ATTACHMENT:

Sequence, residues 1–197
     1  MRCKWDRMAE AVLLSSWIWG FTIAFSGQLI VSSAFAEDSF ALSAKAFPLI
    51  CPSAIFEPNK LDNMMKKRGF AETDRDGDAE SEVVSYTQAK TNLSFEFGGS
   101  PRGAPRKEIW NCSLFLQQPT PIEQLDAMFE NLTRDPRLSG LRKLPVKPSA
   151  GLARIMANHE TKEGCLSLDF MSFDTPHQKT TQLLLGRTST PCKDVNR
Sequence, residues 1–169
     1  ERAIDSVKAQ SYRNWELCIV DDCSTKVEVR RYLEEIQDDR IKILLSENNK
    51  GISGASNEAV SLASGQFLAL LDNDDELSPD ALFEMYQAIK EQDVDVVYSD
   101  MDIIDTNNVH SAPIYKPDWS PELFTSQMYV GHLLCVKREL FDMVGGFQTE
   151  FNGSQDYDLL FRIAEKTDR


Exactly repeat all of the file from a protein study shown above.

Sequence, residues 1–197
     1  MRCKWDRMAE AVLLSSWIWG FTIAFSGQLI VSSAFAEDSF ALSAKAFPLI
    51  CPSAIFEPNK LDNMMKKRGF AETDRDGDAE SEVVSYTQAK TNLSFEFGGS
   101  PRGAPRKEIW NCSLFLQQPT PIEQLDAMFE NLTRDPRLSG LRKLPVKPSA
   151  GLARIMANHE TKEGCLSLDF MSFDTPHQKT TQLLLGRTST PCKDVNR
Sequence, residues 1–169
     1  ERAIDSVKAQ SYRNWELCIV DDCSTKVEVR RYLEEIQDDR IKILLSENNK
    51  GISGASNEAV SLASGQFLAL LDNDDELSPD ALFEMYQAIK EQDVDVVYSD
   101  MDIIDTNNVH SAPIYKPDWS PELFTSQMYV GHLLCVKREL FDMVGGFQTE
   151  FNGSQDYDLL FRIAEKTDR